Recent Technological Challenges in (Vocational) Education
- 6.2k Downloads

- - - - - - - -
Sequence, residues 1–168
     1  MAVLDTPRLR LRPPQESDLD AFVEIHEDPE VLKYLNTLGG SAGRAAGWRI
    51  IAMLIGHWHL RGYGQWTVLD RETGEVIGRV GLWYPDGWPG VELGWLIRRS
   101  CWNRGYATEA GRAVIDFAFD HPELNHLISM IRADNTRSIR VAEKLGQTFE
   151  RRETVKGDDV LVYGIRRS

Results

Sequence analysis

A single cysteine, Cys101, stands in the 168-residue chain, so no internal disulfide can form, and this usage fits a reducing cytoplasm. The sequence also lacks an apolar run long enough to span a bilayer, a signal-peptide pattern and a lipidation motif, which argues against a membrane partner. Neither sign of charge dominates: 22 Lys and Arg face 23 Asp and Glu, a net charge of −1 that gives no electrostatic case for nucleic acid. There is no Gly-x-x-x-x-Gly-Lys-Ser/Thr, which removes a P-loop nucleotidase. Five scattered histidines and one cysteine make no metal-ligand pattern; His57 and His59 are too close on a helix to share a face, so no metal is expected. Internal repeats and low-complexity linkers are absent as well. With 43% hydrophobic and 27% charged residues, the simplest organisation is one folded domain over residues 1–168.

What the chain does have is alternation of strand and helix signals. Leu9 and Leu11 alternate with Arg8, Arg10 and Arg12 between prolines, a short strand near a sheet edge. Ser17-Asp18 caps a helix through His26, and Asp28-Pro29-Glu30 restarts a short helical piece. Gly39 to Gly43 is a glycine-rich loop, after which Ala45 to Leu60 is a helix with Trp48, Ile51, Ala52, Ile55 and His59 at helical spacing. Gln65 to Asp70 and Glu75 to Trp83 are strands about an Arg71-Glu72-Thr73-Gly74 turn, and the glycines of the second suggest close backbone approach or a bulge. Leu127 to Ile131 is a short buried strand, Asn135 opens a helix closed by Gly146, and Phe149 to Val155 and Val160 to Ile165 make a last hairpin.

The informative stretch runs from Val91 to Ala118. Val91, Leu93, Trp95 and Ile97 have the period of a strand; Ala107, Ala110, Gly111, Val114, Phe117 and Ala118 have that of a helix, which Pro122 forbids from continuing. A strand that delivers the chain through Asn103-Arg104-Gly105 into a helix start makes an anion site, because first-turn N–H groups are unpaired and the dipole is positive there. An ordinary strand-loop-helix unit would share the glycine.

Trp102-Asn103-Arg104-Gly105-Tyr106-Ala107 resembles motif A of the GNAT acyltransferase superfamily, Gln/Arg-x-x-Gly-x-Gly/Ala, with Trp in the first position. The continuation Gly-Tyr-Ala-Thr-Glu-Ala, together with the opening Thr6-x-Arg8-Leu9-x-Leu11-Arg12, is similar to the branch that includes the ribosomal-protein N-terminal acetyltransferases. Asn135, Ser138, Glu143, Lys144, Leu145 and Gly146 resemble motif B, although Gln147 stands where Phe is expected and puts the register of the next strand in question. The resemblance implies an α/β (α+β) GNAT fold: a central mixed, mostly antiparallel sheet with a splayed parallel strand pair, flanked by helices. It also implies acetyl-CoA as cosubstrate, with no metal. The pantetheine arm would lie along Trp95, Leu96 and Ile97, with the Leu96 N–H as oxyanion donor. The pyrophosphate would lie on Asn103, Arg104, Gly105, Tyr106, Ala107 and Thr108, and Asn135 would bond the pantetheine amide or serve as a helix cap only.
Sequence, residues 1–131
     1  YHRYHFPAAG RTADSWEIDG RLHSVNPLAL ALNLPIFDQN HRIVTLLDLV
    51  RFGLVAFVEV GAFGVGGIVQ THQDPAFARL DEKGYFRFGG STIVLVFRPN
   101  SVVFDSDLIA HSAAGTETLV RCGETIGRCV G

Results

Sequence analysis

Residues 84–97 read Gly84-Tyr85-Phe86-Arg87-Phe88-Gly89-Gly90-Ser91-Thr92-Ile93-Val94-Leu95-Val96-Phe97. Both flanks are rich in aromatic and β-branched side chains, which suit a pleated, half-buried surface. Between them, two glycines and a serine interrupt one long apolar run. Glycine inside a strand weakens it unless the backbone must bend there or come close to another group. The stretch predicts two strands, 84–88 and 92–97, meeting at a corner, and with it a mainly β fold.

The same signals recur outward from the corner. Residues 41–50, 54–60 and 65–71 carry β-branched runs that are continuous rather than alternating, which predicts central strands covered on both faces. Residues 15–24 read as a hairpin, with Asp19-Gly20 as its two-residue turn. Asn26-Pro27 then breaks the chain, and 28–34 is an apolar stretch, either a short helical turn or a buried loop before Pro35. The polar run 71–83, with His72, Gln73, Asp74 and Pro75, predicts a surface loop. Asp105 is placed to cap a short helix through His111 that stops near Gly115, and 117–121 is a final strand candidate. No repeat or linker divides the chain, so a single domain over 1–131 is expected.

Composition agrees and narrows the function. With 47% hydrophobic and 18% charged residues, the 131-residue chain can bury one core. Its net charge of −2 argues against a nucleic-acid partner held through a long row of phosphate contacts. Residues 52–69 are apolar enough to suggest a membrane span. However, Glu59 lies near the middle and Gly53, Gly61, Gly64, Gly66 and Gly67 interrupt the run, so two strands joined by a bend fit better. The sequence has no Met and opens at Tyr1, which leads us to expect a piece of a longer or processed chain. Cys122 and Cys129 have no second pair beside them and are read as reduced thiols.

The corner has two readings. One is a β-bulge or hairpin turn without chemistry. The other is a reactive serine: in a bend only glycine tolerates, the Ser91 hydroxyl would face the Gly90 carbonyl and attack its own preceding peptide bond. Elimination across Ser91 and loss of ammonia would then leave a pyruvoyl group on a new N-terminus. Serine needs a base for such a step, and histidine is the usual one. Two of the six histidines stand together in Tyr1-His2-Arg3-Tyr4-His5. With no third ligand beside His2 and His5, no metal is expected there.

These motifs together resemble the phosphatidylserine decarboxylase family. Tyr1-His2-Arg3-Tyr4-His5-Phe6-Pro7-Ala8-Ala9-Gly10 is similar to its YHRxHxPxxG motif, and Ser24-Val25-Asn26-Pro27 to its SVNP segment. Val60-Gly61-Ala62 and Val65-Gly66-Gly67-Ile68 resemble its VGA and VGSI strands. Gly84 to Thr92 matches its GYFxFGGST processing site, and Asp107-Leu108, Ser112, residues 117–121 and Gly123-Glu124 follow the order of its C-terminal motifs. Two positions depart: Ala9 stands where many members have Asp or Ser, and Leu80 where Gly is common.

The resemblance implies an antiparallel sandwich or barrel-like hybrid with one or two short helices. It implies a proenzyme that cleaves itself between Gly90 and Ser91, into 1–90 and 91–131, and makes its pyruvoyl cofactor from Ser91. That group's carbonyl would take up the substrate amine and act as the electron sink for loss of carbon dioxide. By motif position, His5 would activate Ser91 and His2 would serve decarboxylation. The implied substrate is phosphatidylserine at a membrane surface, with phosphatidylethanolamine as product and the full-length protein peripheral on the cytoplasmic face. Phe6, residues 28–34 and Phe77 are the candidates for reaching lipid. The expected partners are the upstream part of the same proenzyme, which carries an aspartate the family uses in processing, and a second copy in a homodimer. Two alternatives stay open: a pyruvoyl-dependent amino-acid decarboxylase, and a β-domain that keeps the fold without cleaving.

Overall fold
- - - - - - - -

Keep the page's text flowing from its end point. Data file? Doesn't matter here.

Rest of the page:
Conditions of vocational learning are influenced by technological conditions worldwide. Not only in Central Asia vocational teachers are faced with the challenge of using digital media extensively in vocational teacher training and vocational school, or to allow and support its usage. Most recent media concepts such as BYOD (bring your own device) or OER (open educational resources) represent only some aspect of comparatively extensive development dynamics. Industry itself does trigger further dynamics in the context of the so-called 4.0-metaphor and the respective new production technologies. While previous approaches by the author were developed together with other authors and did focus in the idea of the instrumental conflict (Marquet P, Köhler T. The empowerment of users: rethinking educational practice online; In: Hagen L et al REDA. Springer, Berlin, 2017) as well as the role of open education in the school sector (Köhler T. Neue Medien – in Lehrerausbildung und Schule. In: BAK Hefte 1/2017 zur 50. BAK-Tagung „Medien in Schule und Lehrerbildung“ Leipzig, 2017). Neue Medien – in Lehrerausbildung und Schule. In: BAK Hefte 1/2017 zur 50. BAK-Tagung “Medien in Schule und Lehrerbildung” Leipzig), this paper goes beyond in its focus on the vocational domain.